Another author has epitomized the work of the tenth Avatara as follows: "Seated on a white horse, the deity will descend towards the close of the Kali yuga, and will destroy the universe." 2

1 Vishnu Purina, pp. 482—484.

2 J. C. Thomson's translation of the Bhagavad-Giti, p. 148.

These resemblances between the Hindu and Christian religious doctrines cannot be supposed to be the result of accident. Nor can they be attributed to the independent workings of unrestrained imagination. The points of resemblance are too numerous, and the resemblances themselves too striking, to admit of such a supposition. Some of those thoughts respecting the mode of divine existence, the moral government of the world, the future destiny of this earth, and of the race of man, evidently had a higher origin than man's imagination; they are the offspring, more or less direct, of divine revelation. And yet these thoughts, and the systems with which they are connected, are so interwoven with absurd human speculations, that they only help to form systems of error. The indications of truth which they furnish, do not constitute a redeeming quality in those systems. To be satisfied that this is so, the candid mind has only to examine those systems in all their parts, and see their practical influence on the condition of man. It is common for infidel writers to speak of the Hindu Shastras, as having equal claims on man's consideration and obedience with the Bible. They will perhaps take some maxim of a heathen philosopher, and place it beside one of the proverbs of Solomon, an aspiration of David, or a saying of Jesus, and exclaim: "see the equality of the systems!" They will liken Vyasa, Confucius, Socrates, and Mohammed to Moses, Isaiah, and Jesus, and speak of the former as religious teachers, on an equality with the latter. We will only say in regard to this class of men, that he who will soberly compare the Hindu Shastras with the Bible, making the former equal to the latter, exhibits such a peculiarity in his moral and intellectual powers, that to attempt to change his opinions by the common modes of reasoning, would be useless.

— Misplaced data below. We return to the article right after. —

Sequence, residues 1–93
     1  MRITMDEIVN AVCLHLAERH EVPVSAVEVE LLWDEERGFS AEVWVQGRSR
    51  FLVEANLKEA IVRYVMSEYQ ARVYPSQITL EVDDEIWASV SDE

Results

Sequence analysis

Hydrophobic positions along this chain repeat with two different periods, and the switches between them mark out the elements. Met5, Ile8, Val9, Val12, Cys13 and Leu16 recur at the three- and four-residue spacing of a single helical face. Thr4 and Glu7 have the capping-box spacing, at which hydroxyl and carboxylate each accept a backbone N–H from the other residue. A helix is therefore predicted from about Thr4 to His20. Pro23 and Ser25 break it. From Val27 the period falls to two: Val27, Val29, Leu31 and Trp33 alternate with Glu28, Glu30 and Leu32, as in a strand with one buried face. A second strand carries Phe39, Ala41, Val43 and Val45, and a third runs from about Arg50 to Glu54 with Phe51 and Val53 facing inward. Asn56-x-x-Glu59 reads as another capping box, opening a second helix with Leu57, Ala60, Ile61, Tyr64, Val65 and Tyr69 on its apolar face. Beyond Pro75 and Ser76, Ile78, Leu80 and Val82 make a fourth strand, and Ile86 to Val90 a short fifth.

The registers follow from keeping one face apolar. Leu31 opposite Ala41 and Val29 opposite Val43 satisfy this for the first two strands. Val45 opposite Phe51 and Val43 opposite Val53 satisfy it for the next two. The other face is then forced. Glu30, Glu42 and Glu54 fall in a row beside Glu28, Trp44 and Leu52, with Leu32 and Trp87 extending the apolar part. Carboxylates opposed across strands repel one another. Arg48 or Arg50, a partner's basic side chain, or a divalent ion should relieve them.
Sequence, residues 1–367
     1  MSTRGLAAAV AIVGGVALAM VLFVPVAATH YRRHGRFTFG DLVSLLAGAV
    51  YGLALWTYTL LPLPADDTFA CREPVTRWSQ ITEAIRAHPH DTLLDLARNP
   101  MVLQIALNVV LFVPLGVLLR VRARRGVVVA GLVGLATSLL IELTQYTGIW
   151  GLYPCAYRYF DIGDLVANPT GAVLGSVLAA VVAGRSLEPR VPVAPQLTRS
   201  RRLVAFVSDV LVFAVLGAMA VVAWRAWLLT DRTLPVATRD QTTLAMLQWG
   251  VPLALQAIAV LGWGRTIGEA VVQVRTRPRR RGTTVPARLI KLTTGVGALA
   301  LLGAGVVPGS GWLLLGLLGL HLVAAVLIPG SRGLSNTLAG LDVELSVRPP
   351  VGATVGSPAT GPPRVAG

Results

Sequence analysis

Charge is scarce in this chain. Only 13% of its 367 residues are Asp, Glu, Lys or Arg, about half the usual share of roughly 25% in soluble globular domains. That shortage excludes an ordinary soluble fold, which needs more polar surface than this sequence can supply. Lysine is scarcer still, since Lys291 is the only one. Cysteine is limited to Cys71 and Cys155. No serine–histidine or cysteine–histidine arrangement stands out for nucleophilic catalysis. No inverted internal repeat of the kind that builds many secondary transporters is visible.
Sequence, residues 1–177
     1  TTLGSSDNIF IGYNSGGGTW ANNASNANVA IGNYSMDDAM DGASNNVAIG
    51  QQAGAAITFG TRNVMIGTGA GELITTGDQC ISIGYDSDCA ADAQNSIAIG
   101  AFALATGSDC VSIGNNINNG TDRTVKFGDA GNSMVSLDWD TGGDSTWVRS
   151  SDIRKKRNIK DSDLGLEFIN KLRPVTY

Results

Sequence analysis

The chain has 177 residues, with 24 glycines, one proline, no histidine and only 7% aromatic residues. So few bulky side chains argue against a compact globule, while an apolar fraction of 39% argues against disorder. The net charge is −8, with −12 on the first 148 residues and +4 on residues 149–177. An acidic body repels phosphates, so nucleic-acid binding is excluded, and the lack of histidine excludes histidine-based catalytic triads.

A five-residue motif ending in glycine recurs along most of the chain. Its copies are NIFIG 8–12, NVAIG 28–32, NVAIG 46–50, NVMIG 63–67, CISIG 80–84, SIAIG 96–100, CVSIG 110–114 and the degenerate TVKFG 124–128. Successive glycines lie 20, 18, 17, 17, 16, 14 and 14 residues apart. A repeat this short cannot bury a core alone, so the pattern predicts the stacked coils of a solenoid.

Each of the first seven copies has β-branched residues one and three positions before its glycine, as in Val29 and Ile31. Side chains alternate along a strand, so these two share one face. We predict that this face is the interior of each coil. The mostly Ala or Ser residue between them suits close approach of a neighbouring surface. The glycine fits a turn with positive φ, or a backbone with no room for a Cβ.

It is admitted, that the Hindu Shastras contain some noble maxims, and inculcate, in the abstract, some correct moral principles. But these maxims and principles never exceed in purity the teachings of the Bible, and can never be adduced to weaken the claims of the Book. Nay, more, they

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are found in such connections that often their origin is clearly traceable to the divine revelation recorded in the Bible. Ajid by no mode of estimation can there be drawn a conclusion more unfavorable to the Bible than this, viz.: Some things found in the Hindu scriptures and Hindu religion had an origin in the revelation of the Bible. Others have come down from the earliest ages, in traditionary channels, parallel to the Bible; and where the facts related in the Hindu sacred writings conflict with the facts of the Christian scriptures, the former are easily shown to be unfounded.